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Please make it stop!” So reads an e-mail that I received this week from my friend Sue. She and I regularly attend an Episcopal church in Portland, Oregon, where I used to be the youth minister. Sue is usually calm and relatively soft spoken, so the urgency of her opening line naturally grabbed my attention. The “it” that so desperately needs stopping is described the following headline:

Santorum: Obama Leading Christians to the Guillotine

I don’t think it’s the president that Sue wants to stop. She appears to be much more afraid of the man who wants his job, Rick Santorum. The former Senator from Pennsylvania blames the 9th Circuit Court’s overturning of California’s Proposition 8 on Barak Obama (who does not even support gay marriage). And then, in a leap of faith and logic, which would have amazed even Kierkegaard, Santorum goes on to compare this judicial ruling to…The French Revolution.

Santorum warns us: “When you marginalize faith in America, when you remove the pillar of God-given rights then what’s left is the French Revolution…what’s left in France became the guillotine.”

http://www.rawstory.com/rs/2012/02/09/santorum-obama-leading-christians-to-the-guillotine/?utm_medium=email&utm_source=newsletter&utm_campaign=cheatsheet_afternoon&cid=newsletter%3Bemail%3Bcheatsheet_afternoon&utm_term=Cheat%20Sheet

When Michelle Bachman and Rick Perry dropped out of the Republican presidential race, it seemed as if we might receive much needed respite from all of this evangelical hysteria. * But Santorum is like Jason from the Friday the 13thhorror movie franchise: endlessly returning from the dead, leaving nothing but blood and carnage in his terrifying wake.

Unfortunately, Santorum is a mere symptom of a larger trend. A recent analysis from The Pew Forum on Religion and Public Life tells us that 70% of America’s Protestant evangelicals identify themselves as Republicans. That’s up 5% from 2008. In fact, every religious group polled, including black Protestants and Jews, is trending towards the Republican Party. Small wonder that most of the candidates want more than a little piece of that God action.

http://www.pewforum.org/Politics-and-Elections/Trends-in-Party-Identification-of-Religious-Groups.aspx?src=prc-headline

“Front runner” Mitt Romney has been working for years to make good with evangelical “value voters.” The former governor of Massachusetts is not a Christian, but a Mormon, or a member of the Church of Jesus Christ of Latter Day Saints. Even though Jesus is right there in the name of Romney’s religion, he apparently just wasn’t cutting it with the evangelical block. That is why, on December 6, 2007, Romney gave his now famous “Faith in America” speech at the George H.W. Bush presidential library, where he said:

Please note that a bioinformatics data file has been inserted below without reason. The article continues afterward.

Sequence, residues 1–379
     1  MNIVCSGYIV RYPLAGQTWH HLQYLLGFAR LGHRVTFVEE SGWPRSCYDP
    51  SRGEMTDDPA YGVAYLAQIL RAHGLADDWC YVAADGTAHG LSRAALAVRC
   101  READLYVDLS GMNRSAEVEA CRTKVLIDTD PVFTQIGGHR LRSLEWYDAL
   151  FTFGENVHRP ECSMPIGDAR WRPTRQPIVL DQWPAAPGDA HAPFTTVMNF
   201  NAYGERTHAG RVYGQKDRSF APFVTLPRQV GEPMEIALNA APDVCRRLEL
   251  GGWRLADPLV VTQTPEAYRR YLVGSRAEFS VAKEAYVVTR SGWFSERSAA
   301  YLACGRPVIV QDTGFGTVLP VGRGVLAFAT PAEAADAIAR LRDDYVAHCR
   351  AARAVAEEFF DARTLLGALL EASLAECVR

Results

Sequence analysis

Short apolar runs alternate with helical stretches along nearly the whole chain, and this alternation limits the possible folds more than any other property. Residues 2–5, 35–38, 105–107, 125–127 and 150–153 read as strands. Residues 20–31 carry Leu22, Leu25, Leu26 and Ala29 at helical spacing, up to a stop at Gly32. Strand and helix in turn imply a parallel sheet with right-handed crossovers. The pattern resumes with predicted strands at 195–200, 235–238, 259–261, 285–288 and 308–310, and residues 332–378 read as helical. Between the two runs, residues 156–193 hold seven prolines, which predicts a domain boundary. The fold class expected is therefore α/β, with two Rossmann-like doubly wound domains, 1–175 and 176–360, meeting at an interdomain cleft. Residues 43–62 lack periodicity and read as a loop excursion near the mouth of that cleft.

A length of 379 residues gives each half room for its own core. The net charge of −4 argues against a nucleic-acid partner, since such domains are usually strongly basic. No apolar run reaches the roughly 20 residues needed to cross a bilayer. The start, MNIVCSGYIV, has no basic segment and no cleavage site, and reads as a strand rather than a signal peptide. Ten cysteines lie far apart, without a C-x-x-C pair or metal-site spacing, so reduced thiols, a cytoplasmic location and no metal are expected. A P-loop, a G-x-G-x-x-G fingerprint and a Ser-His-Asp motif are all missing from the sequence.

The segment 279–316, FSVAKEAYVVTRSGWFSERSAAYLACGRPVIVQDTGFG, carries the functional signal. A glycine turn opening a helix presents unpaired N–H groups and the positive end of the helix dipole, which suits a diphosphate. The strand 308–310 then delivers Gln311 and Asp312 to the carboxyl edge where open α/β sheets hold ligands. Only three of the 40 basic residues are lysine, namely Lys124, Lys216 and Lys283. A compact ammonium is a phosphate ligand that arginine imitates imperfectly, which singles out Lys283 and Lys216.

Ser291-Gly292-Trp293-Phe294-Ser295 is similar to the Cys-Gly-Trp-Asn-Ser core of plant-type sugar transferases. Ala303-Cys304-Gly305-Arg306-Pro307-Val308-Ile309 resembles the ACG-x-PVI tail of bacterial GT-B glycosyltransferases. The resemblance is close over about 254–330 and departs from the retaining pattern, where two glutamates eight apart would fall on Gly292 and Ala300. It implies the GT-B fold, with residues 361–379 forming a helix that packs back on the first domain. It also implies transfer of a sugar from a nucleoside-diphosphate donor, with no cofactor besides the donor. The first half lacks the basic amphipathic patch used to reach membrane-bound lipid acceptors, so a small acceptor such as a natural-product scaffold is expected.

“There is one fundamental question about which I often am asked. What do I believe about Jesus Christ? I believe that Jesus Christ is the Son of God and the Savior of mankind.”

That this is the only thing Romney revealed about his own personal faith is telling. It is hard to imagine a Muslim, Jew, or Buddhist making any headway in the Republican primaries or caucuses. But Romney believes in the Carpenter from Nazareth, and perhaps that’s helped him (barely) hang on to his frontrunner status. I guess for Mitt Romney, Jesus does save.

And let there be no mistake. Romney, Santorum, and Newt Gingrich, the only three winners of any 2012 Republican primary or caucus, have loudly and explicitly made their belief in Jesus front and center in their campaigns. This is certainly any candidate’s prerogative. But what exactly does it mean to believe in Jesus? And how does this belief affect public policy and legislation? It’s a thorny question, but it is possible to make some rough generalizations:

A. Many evangelical Protestants and other conservative Christians argue for a factual/literal interpretation of The Bible.

B. A factual/literal interpretation of The Bible means that every word printed in it is factually true.

C. Belief in Jesus as the Son of God and Savior of mankind as one reason for being elected president assumes that Jesus’ words and actions should literally and directly influence the public policy that such a president might propose.

Just for the sake of argument, let’s de-marginalize faith in America, and look at what The Bible actually says. After all, God must have opinions on matters other than gay marriage and the life of the unborn. So let’s examine three examples from the life of Jesus Christ as recorded in the Gospels, and see how our three top Republican contenders for president (and their respective policy positions) stack up:

1.    Jesus Provided Free Healthcare

Jesus was a healer. For most of His three-year ministry, He avoided the more metropolitan areas of Palestine, gravitating instead towards such backwater towns as Capernaum and Galilee – the forgotten areas of the mighty Roman Empire, populated by the poor and destitute. He wasted no time in ministering to the sick. If we are to believe Mark’s Gospel, Jesus spent the first 24 hours of His ministry: